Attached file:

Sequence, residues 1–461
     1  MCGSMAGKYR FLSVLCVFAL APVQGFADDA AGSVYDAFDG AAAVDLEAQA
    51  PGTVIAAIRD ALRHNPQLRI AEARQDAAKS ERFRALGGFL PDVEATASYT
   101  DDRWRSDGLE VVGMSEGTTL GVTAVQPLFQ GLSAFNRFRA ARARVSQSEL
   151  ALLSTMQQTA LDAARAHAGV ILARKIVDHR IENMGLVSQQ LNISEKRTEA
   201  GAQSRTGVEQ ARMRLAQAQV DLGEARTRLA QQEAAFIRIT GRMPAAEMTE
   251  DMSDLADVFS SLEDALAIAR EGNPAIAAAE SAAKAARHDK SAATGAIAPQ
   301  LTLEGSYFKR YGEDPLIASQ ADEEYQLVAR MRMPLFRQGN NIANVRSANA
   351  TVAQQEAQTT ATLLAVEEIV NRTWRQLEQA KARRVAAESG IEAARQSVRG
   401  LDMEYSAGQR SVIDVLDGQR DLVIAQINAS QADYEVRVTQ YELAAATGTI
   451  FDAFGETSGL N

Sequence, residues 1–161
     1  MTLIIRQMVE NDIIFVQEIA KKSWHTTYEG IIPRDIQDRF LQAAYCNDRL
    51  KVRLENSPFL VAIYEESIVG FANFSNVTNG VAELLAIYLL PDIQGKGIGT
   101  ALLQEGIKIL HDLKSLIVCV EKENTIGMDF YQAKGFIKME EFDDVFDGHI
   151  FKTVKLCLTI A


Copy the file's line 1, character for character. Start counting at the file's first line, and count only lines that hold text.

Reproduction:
Sequence, residues 1–461